The Talatal Ghar, also known as the Rangpur Palace, is a remarkable example of Tai Ahom architecture located in the northern region of Assam. Nestled in the heart of the Ahom Kingdom's capital, Rangpur, this splendid palace was initially constructed as a military stronghold by the illustrious Ahom Swargadeo Rajeswar Singha during the years 1751 AD to 1769 AD. Interestingly, this refined edifice boasts a pair of tunnels and three subterranean floors ingeniously designed to enable rapid evacuation for the monarch and his troops in the event of a crisis. The intricate maze-like layout of the passageways was crafted with such precision that any hostile invaders who dared to breach the stronghold would be left hopelessly disoriented and lost amidst the labyrinthine alleys. It serves as a remarkable testament to the vibrant Assamese culture and its opulent history, as well as being the largest Ahom edifice globally. Enthusiasts of history and architecture should undoubtedly include the Talatal Ghar in their itinerary.
This majestic structure boasts a distinctive Mughal architectural style, and its upper ground floor, popularly referred to as Kareng Ghar, was once used as a royal living palace by the Assam royalty. During the reign of Raja Swargdeo Rudra Singha, the successor of Swargadeo Rajeswar Singha, the top floors were added, transforming the Talatal Ghar into a magnificent and truly magnificent seven-story royal palace.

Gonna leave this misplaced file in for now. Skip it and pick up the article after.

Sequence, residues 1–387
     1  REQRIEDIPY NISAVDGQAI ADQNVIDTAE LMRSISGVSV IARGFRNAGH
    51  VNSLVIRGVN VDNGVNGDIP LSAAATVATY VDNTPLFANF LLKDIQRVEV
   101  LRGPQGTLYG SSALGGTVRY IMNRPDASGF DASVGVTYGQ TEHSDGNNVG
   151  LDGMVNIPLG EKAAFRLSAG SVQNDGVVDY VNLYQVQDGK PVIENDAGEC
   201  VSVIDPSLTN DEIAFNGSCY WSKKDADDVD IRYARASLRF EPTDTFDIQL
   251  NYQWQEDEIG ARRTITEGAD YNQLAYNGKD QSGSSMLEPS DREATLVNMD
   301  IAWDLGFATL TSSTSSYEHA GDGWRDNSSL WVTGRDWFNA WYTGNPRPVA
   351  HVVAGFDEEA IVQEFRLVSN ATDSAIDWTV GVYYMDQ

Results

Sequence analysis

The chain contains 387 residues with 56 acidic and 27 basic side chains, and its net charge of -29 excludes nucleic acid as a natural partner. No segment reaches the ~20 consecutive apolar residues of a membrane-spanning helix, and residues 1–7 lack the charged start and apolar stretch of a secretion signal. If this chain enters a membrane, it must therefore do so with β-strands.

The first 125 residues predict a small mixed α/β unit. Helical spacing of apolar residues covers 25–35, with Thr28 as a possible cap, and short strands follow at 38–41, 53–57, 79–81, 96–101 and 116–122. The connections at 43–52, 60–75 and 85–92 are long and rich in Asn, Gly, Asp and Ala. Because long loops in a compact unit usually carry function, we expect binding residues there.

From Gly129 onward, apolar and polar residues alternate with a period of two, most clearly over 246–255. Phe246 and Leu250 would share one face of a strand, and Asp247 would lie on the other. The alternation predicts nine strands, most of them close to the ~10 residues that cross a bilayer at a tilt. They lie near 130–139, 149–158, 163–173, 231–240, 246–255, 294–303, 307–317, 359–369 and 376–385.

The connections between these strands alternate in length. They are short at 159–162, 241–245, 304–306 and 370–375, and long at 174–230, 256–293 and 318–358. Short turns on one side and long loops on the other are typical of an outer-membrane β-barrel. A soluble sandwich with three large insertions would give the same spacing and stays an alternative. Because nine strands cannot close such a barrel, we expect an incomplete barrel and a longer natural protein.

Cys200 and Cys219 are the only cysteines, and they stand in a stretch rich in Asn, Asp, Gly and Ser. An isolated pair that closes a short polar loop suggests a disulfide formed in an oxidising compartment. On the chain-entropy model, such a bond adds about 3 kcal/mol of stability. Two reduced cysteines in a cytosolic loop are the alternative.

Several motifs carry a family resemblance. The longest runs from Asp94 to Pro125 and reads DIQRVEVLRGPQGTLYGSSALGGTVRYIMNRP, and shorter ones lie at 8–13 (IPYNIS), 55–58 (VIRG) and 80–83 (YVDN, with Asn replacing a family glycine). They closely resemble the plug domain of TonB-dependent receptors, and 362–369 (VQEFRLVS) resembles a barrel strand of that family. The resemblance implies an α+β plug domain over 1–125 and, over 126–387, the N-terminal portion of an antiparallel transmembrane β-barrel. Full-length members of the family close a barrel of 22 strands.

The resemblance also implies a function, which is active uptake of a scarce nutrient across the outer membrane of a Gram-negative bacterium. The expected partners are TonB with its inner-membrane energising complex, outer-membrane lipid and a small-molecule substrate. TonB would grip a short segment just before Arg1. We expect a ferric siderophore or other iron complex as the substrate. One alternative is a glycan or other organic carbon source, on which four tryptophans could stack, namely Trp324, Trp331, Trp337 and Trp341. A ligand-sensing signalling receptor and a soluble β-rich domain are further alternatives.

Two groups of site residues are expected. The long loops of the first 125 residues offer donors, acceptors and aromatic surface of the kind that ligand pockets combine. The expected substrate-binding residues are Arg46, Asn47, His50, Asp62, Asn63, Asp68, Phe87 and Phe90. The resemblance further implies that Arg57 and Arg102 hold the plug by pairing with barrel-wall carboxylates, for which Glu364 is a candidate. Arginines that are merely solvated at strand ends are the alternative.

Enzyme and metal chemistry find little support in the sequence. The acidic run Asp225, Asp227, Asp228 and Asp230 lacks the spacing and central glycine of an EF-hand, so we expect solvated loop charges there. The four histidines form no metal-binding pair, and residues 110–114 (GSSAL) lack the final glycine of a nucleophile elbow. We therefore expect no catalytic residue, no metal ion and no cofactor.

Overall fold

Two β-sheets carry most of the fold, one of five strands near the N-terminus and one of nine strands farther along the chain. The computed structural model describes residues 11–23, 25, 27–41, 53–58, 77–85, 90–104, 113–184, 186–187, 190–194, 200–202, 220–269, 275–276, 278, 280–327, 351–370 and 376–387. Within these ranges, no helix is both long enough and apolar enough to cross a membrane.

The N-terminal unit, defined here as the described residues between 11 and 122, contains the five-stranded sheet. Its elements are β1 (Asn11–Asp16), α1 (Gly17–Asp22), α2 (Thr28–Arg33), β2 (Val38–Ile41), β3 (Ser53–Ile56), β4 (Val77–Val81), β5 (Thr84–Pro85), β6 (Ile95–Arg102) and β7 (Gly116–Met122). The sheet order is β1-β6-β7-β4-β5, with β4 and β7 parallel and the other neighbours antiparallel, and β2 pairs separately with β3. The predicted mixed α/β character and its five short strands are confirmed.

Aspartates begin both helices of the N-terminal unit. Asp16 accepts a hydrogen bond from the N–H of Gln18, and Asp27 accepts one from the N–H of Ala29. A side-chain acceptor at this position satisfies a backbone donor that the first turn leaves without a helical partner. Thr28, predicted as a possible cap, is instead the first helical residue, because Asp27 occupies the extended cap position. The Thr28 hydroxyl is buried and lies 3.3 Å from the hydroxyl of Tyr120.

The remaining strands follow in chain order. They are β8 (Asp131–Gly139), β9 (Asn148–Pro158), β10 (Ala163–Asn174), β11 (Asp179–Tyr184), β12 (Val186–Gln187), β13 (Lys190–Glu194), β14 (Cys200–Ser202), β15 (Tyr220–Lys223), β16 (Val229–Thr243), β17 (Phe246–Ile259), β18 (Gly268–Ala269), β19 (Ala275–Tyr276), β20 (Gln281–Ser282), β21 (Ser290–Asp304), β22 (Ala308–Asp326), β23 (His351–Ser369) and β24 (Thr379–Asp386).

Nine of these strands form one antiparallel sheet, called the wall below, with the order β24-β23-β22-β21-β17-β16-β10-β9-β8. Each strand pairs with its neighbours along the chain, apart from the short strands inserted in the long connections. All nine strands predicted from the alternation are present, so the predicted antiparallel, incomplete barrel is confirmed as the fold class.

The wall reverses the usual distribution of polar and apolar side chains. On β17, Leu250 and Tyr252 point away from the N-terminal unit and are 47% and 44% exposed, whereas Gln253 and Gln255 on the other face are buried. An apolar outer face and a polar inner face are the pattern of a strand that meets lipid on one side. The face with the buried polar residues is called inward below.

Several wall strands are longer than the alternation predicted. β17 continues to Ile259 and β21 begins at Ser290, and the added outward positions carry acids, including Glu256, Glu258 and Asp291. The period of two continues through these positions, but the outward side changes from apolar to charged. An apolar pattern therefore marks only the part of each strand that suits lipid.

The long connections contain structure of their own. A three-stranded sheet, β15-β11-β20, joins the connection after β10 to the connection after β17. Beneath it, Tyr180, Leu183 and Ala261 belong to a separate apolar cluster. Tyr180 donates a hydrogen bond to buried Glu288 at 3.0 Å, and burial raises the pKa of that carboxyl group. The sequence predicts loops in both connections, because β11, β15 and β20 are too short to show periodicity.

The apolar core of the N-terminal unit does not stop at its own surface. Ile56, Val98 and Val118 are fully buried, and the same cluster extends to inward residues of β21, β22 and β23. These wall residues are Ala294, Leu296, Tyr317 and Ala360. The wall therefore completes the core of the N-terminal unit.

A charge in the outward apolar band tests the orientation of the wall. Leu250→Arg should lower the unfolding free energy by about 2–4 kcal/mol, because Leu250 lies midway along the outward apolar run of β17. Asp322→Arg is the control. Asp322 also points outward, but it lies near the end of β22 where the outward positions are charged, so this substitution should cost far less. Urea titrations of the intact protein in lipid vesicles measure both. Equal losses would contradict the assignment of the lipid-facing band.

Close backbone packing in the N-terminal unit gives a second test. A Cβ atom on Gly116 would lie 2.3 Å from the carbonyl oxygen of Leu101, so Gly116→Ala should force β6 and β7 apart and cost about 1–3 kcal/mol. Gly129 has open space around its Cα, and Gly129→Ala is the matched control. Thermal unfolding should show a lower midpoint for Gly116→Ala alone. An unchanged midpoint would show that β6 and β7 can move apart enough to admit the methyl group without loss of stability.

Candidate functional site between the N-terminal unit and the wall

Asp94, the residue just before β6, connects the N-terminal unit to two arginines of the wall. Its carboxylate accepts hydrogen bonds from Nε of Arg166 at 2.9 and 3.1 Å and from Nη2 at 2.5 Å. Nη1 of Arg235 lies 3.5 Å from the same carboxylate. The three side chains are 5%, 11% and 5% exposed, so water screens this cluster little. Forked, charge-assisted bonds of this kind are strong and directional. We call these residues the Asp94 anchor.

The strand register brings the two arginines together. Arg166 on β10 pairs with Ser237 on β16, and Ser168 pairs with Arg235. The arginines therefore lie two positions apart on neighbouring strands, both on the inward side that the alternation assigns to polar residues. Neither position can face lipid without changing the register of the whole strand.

The fact that this magnificent monument was built entirely out of organic materials, including bricks and organic cement made out of a mixture of rice powder and duck eggs, is particularly interesting. What's even more impressive is how long-lasting this structure has been, standing strong and tall for centuries. It has truly stood the test of time.
Since Talatal Ghar was primarily constructed as an army base, it has two hidden tunnels: one that connects to the Garhgaon fortress, which is located 16 kilometers away, and another that connects to the nearby Dikhow stream. These were built as hiding chambers and escape routes for the king and his army. Tourists are allowed to visit the upper three levels of Talatal Ghar. The underground floors are closed to visitors.
The Talatal Ghar in Sibsagar, Assam is best visited during the months of March to April, when the temperature ranges from 8 to 28 degrees Celsius and seasonal showers provide pleasant relief from the humid climate. Winters can be quite cold, with temperatures ranging from -6 to 10 degrees Celsius, while the monsoon season brings moderate temperatures between 11 and 20 degrees Celsius, but heavy rains can impede exploration. To fully appreciate the magnificent structure, it is advisable to visit during daytime hours as the premises are not well lit at night. The Sibsagar Railway Station, only 4.7 km away, is the closest railhead, offering easy access to major cities and towns. Buses from the Sibsagar Bus Stand also provide affordable and frequent transportation options for visitors.